Rip it up and start again

Rip it up and start again

September 2019

John Simons faced a choice: over boarding an existing parquet floor, or ripping the whole lot up to create a sound subfloor for tiling.

All tile installations demand a sound subfloor; one that’s clean, dry and level.  Given the choice of over boarding an existing parquet floor, or ripping the whole lot up, the former can often seem like the best (and fastest) option.  After all, who knows what horrors might be lurking under the wood?

One of Tilemaster Adhesives’ customers, John Simons, recently faced this exact dilemma when he was asked to tile an intricate, bespoke hallway floor with Porcelthin tiles.  Despite the attractive thought of the time that could be saved from overboarding, knowing the potential issues going down this route would cause, he opted to lift the parquet – an original herringbone.  He took on board that he would have to build the floor height back up by 50mm - the thickness of the wooden blocks - to hit the existing finished floor heights of the rooms off the hallway.

Simons commented that the wood came away from the subfloor ‘surprisingly easily,’ with very little or no bond to the subfloor in places. This most probably would have been a result of the bond and materials weakening over the years through wear and tear, but could also possibly be the fact that it hadn’t been bonded particularly well to start with.  Whatever the reason for the timber not being particularly well adhered to the substrate, fixing over it could have caused several issues:

As the parquet wasn’t firmly fixed to the substrate, attempting to fix anything to this could have resulted in complete de-bonding of the timber.  Also, as timber needs to expand and contract, overboarding and tiling would have prevented this natural movement which, once again, could have caused considerable issues.

Lifting the parquet revealed a bitumen layer which, given the age of the property, was most likely acting as a damp proof membrane; this needed to be repaired/replaced.  

Simons decided that the floor could do with being pre-smoothed prior to installing a new DPM.  The flooring compound needed to be moisture tolerant and suitable to be used below a DPM or, in this case, above an old, damaged, incomplete DPM.  He opted to use Tilemaster Super Flow 30, as this product would allow him to install the new DPM on top in as little as 90 minutes.  Simons did just that and, after 90 minutes, was ready to apply Tilemaster Fast One Coat DPM: a solvent-free, epoxy-based, product that cures in four to five hours.  The two-component DPM can be used on surfaces with a relative humidity of up to 98% and can be installed where no structural DPM is present.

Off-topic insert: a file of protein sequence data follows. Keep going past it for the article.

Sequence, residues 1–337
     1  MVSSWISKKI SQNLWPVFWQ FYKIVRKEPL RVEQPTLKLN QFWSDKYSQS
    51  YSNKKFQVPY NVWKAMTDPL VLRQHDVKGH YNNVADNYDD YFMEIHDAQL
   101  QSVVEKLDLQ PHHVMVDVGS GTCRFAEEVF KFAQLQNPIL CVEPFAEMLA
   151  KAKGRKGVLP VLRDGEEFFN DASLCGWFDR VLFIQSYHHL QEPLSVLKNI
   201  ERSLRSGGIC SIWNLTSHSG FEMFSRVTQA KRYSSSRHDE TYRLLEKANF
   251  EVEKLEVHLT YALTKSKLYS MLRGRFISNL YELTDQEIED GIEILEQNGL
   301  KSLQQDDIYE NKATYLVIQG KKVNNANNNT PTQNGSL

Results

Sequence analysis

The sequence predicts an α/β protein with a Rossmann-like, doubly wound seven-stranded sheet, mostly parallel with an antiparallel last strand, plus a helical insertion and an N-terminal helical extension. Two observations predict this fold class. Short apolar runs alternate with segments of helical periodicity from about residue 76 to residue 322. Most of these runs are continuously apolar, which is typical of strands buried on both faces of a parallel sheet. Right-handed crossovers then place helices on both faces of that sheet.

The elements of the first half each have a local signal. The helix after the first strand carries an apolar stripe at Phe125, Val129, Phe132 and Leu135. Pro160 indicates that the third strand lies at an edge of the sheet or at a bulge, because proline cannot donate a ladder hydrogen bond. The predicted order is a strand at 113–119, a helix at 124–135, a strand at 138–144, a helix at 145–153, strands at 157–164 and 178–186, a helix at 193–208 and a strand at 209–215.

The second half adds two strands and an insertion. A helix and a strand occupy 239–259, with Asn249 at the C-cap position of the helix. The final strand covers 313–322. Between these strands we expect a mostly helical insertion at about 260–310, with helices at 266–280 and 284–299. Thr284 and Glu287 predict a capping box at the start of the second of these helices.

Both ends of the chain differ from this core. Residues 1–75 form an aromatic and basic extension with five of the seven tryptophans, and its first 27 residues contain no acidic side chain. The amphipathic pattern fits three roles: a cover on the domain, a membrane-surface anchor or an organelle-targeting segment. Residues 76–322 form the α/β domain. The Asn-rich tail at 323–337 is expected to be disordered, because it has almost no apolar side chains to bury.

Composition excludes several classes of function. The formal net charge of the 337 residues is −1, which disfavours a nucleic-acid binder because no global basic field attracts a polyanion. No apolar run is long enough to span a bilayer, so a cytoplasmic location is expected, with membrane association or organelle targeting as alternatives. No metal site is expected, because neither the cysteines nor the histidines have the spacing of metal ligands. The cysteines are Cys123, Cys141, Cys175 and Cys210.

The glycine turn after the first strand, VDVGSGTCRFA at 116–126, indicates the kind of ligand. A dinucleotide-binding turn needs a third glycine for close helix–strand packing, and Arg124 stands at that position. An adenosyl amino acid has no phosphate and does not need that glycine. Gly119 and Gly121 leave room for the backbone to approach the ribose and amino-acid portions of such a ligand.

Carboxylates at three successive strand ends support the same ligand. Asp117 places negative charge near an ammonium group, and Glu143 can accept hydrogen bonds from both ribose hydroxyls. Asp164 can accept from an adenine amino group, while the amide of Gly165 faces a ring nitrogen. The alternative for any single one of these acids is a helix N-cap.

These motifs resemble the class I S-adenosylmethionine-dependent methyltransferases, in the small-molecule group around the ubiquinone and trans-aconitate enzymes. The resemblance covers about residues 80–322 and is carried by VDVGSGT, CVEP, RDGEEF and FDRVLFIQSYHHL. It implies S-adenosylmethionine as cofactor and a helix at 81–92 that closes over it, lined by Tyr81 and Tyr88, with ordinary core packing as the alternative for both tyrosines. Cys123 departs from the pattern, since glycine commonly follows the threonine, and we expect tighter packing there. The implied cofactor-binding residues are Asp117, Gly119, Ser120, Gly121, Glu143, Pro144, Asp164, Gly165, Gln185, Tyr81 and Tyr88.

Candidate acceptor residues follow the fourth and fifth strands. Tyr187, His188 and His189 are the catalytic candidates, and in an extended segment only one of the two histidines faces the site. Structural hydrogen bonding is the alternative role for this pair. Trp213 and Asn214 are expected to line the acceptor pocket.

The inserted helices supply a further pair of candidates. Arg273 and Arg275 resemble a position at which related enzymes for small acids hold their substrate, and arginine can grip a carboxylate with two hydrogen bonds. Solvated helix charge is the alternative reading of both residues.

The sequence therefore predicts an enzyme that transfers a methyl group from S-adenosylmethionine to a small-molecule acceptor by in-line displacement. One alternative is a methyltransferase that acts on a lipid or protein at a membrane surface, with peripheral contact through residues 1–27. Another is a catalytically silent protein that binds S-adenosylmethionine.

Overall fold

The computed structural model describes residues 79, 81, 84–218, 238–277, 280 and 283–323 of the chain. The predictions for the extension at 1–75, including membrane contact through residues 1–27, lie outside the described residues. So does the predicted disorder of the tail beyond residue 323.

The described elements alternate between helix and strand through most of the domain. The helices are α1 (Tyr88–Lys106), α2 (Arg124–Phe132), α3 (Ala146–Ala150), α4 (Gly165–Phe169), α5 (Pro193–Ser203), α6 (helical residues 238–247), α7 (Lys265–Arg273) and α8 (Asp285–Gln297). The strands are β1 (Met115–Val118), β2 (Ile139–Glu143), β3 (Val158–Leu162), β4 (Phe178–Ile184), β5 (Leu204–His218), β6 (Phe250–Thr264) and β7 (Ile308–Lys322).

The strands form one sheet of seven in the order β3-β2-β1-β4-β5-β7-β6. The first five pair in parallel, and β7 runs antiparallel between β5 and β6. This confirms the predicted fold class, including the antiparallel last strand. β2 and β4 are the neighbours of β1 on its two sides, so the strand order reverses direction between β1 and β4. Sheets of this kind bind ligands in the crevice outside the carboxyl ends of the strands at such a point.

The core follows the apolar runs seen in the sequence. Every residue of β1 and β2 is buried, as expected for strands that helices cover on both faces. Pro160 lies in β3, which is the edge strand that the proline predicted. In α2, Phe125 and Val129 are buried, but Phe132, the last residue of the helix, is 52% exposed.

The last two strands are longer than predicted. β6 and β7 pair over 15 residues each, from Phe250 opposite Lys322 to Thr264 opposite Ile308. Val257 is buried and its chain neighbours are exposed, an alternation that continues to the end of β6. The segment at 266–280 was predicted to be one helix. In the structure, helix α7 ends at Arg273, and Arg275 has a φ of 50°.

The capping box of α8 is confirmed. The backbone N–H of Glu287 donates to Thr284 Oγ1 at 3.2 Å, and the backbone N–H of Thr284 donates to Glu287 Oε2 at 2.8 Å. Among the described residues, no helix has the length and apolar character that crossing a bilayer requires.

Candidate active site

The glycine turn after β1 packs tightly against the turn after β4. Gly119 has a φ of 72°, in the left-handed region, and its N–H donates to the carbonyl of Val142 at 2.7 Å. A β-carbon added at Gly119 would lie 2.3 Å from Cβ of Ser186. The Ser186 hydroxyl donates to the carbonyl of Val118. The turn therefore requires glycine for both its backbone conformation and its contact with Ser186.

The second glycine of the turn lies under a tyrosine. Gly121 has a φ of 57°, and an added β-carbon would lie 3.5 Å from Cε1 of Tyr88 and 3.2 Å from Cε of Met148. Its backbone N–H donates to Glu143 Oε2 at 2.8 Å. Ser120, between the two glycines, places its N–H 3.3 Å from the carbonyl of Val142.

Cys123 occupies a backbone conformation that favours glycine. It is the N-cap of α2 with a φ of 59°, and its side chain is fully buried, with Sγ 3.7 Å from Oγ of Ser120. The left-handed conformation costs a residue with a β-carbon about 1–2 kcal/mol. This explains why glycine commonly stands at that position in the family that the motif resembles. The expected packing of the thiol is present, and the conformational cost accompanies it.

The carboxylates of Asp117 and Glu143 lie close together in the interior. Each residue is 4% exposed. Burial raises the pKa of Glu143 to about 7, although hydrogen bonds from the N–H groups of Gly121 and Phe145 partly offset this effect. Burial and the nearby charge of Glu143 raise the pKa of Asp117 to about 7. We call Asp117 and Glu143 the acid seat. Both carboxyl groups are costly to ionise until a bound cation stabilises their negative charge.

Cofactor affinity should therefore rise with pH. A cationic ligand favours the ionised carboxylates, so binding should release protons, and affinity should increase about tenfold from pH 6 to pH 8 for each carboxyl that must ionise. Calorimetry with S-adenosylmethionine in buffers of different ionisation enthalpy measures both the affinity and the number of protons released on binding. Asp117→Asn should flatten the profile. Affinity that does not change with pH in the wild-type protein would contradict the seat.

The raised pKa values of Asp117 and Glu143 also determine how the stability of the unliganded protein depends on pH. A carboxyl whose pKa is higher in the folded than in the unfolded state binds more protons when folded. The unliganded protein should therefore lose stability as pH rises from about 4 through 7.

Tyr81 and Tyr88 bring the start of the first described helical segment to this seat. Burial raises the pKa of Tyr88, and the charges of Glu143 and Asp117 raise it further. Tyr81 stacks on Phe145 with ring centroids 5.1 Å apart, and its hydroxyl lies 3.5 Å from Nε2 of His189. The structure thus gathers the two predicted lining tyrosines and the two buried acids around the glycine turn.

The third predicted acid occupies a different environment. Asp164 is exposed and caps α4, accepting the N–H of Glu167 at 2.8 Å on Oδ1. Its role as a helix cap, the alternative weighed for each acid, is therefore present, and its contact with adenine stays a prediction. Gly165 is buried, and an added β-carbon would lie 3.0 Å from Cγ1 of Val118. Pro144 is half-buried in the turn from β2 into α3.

Once Tilemaster Fast One Coat DPM had cured, a coat of Tilemaster Prime + Grip multi-purpose bond enhancing primer was applied to the surface before adding some further height to the floor build up using Tilemaster Rapid Level 30 – an ultra-rapid setting, flexible floor leveller and smoothing compound. Once Tilemaster Rapid Level 30 was dry, it was primed with Tilemaster Primeplus before 20mm insulating boards were installed using Tilemaster Standard Set Setaflex adhesive, ready to fit the electric underfloor heating system on top. The electric cables were then fully encased in another layer of Tilemaster Rapid Level 30 and, once this was set, the floor was again primed with Tilemaster Primeplus, followed by Tilemaster Anti-Fracture Mat fitted with Tilemaster Standard Set Setaflex.

It was only then that Simons was able to start setting out and begin tiling, using Tilemaster Standard Setaflex adhesive, for what was going to ultimately be a test of skill, patience and attention to detail. Once tiled, the floor was grouted using Tilemaster Grout 3000.
The removal of the parquet and Simons’s preparatory work provided an essential sound base and enabled him to showcase his fantastic skill set to achieve an outstanding top-end finish; one that no doubt will sit handsomely in the portfolio alongside his other outstanding work.

For advice and more information, please contact Tilemaster Adhesives on tel. 01772 456831, email info@tilemasteradhesives.co.uk  or visit www.tilemasteradhesives.co.uk.  
To contact John Simons, tel. 07783 151345 and email johnsimons@v-ta.co.uk

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